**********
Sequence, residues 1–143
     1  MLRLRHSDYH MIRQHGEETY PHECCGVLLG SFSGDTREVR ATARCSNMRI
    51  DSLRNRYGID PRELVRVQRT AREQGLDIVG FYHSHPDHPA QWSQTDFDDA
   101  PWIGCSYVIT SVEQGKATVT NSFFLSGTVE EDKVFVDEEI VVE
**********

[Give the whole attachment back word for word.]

Sequence, residues 1–143
     1  MLRLRHSDYH MIRQHGEETY PHECCGVLLG SFSGDTREVR ATARCSNMRI
    51  DSLRNRYGID PRELVRVQRT AREQGLDIVG FYHSHPDHPA QWSQTDFDDA
   101  PWIGCSYVIT SVEQGKATVT NSFFLSGTVE EDKVFVDEEI VVE